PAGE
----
Jessica Wilkinson makes the comment in her review that the Australian poetry scene “boasts a rich and varied tradition of verse novel writing” and she gives examples such as Dorothy Porter’s The monkey’s mask and Les Murray’s Fredy Neptune. I’d add a favourite of mine, Geoff Page’s The scarring. She comments that while they are diverse in poetic approach, they exhibit a distinctly Australian “tongue” and suggests this may help their accessibility. Meanwhile, Tsana went out of her comfort zone to read this book, and was:

surprised how readable The Sunlit Zone was, given that it’s poetry of which I don’t usually read much. If you’re wondering, it’s not rhyming verse, although there are a few occasional scattered rhymes.

However, the ending initially disappointed her, though she suggests that may be because it’s not squarely in the speculative fiction genre. Bronwyn sees the verse novel as “literary fiction in its most evolved state”. She writes that the book:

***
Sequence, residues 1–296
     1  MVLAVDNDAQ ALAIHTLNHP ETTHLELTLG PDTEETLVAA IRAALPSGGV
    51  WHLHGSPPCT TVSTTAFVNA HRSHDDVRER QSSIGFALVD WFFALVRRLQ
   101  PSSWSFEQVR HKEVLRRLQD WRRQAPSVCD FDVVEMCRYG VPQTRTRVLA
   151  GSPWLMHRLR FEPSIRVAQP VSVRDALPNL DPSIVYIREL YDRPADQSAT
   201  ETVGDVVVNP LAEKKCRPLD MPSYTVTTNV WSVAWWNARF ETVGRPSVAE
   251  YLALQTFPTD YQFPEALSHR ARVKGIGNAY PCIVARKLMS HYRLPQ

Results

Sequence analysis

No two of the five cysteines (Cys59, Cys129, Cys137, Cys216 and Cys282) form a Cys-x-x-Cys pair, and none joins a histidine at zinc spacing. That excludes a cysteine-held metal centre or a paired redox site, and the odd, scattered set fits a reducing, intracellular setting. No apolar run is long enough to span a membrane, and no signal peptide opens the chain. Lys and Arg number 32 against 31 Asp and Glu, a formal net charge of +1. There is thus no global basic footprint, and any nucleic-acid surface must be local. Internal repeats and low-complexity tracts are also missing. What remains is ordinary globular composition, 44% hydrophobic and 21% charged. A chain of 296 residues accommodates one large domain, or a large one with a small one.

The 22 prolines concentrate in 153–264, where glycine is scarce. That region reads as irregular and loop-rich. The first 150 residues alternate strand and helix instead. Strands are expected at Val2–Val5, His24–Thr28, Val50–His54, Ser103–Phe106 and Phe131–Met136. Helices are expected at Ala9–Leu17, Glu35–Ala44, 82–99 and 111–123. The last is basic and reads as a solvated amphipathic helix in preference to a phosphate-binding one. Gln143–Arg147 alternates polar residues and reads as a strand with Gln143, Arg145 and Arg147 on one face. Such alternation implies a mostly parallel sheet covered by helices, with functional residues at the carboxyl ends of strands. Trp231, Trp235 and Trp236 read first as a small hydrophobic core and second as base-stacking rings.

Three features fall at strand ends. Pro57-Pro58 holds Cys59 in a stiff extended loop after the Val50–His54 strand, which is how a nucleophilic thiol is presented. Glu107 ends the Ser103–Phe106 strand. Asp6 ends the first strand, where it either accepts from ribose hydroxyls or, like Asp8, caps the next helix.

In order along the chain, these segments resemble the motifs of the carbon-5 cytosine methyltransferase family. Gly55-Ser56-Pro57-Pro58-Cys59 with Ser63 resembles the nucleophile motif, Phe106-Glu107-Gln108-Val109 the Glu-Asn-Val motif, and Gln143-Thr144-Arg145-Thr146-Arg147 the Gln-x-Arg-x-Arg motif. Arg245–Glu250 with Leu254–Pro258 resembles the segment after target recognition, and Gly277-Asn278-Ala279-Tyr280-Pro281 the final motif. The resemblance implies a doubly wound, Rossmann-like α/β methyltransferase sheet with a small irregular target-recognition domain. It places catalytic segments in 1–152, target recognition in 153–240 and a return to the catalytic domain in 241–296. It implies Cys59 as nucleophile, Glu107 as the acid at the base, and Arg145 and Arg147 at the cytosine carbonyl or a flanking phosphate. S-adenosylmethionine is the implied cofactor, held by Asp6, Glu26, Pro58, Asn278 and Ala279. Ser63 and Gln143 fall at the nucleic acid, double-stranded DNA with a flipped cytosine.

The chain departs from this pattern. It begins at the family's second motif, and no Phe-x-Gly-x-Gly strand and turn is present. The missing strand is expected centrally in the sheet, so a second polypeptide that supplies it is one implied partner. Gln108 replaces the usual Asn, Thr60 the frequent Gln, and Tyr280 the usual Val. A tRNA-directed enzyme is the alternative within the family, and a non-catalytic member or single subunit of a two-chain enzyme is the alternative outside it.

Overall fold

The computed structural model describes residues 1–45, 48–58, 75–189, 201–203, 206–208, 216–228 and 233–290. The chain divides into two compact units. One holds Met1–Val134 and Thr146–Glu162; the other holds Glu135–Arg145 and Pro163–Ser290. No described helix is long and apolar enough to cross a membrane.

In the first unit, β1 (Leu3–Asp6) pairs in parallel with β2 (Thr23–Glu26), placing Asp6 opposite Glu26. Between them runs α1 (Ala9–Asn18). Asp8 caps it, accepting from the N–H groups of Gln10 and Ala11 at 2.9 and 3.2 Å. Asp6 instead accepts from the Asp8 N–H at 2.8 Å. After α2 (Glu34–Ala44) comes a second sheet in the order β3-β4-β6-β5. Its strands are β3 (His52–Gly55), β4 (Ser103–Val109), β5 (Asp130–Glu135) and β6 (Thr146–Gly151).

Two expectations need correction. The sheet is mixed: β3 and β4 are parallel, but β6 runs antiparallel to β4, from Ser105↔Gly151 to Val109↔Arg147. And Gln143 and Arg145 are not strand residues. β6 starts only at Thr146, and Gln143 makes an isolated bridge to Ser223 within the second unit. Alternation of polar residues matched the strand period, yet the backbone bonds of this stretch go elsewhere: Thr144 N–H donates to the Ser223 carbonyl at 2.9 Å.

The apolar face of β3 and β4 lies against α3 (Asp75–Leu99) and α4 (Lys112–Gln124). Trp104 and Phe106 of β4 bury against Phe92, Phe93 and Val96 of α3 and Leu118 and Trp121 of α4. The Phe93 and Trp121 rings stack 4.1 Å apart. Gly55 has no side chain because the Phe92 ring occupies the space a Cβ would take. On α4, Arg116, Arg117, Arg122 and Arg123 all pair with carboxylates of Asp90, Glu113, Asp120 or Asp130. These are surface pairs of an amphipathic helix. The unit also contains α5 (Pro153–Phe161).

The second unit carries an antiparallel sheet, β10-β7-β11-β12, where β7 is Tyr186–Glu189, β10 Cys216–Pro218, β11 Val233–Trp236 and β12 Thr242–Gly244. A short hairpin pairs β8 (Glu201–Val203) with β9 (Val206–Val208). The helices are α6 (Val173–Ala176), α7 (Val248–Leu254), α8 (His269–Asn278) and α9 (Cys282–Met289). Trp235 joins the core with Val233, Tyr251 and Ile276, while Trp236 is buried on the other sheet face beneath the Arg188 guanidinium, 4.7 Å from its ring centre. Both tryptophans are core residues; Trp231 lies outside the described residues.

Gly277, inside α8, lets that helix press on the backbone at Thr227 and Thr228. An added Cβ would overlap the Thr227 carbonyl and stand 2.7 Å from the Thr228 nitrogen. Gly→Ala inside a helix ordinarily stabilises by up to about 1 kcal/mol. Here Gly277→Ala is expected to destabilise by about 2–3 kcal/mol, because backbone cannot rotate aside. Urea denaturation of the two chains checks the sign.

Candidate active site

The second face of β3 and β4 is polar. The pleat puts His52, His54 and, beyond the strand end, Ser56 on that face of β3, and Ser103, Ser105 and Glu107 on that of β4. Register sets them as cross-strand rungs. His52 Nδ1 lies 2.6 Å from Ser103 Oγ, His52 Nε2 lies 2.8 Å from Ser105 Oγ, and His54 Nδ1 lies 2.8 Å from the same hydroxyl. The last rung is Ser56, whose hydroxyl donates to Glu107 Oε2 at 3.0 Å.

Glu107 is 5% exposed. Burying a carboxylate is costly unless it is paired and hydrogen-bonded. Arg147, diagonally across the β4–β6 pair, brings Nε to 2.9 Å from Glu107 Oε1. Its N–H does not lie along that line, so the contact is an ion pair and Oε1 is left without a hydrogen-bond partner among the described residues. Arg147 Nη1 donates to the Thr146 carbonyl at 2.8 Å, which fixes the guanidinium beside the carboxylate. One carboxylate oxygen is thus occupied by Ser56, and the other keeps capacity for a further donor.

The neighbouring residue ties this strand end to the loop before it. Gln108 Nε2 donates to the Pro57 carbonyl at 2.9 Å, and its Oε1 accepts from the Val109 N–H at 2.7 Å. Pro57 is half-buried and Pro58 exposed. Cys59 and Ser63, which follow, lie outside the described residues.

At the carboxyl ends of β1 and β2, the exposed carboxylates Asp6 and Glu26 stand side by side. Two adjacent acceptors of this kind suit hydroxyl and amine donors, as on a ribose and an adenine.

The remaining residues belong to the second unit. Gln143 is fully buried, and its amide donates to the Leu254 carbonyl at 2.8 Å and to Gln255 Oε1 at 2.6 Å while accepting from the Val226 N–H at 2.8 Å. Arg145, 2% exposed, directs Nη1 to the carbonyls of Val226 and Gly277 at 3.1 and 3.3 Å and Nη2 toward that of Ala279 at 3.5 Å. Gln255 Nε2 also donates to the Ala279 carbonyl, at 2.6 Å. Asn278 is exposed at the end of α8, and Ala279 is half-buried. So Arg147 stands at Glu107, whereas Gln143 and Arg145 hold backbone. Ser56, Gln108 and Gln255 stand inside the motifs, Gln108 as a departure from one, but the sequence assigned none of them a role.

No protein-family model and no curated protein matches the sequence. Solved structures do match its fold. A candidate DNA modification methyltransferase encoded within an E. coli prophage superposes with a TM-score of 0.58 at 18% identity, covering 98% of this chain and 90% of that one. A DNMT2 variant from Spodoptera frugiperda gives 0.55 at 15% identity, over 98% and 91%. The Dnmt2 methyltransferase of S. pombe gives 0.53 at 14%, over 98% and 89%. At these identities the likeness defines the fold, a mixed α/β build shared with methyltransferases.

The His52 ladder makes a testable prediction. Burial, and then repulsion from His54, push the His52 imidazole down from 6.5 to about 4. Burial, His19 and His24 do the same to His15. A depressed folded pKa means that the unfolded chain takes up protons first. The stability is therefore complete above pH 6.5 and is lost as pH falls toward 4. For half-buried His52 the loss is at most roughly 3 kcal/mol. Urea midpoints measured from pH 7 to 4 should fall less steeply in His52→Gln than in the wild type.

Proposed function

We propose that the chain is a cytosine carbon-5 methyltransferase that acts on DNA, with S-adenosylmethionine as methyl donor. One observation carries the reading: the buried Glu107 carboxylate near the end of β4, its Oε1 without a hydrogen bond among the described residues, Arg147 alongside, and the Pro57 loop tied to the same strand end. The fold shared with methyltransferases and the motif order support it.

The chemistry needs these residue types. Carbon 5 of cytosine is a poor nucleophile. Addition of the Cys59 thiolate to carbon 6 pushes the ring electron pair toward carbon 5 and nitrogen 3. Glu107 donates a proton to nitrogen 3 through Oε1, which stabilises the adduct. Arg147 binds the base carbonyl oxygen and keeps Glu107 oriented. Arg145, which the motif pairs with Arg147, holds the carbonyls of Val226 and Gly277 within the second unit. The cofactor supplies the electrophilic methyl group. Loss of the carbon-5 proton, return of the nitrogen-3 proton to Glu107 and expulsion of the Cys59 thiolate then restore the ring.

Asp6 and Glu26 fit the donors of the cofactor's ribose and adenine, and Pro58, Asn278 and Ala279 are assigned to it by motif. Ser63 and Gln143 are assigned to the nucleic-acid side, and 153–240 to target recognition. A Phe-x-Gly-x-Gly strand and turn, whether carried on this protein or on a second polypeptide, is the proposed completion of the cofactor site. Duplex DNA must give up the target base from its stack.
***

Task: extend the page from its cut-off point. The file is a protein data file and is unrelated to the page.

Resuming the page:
makes music with language, but that linguistic music resonates with meaning as well—the verse tells a compelling story, with developed and engaging characters and plot lines. Some literary fiction I have read has not held me with the narrative. I have enjoyed the vividness of the writing, but couldn’t care less what happened next. The Sunlit Zone, however, is full of suspense.

This is a book I need to check out.

The other book to receive more than one review is Toni Jordan’s Nine days. Told in nine voices and covering several decades, it’s an ambitious novel. Lisa Walker was expecting not to like Jordan’s departure in this novel from romantic comedy, but she was impressed, saying that

by the end of the book, I felt satisfied with having met such a diverse array of characters and this deepened the impact of the final story when it came.

Like Lisa, Natasha was initially concerned about the nine voices being able to provide enough connection with the reader but she too was won over, describing it as one of the best books she’d read in a long time. I would concur with Lisa and Natasha and say, go read it!

Two books that have featured in recent literary awards were reviewed – Eva Hornung’s Dog boy, which won the 2011 Prime Minister’s Literary Awards, and Favel Parrett’s Past the shallows which was shortlisted for several awards in 2012 and was positively reviewed by Jonathan Shaw. I just have to quote Shannon on Dog boy, though, because this is exactly how I feel about it: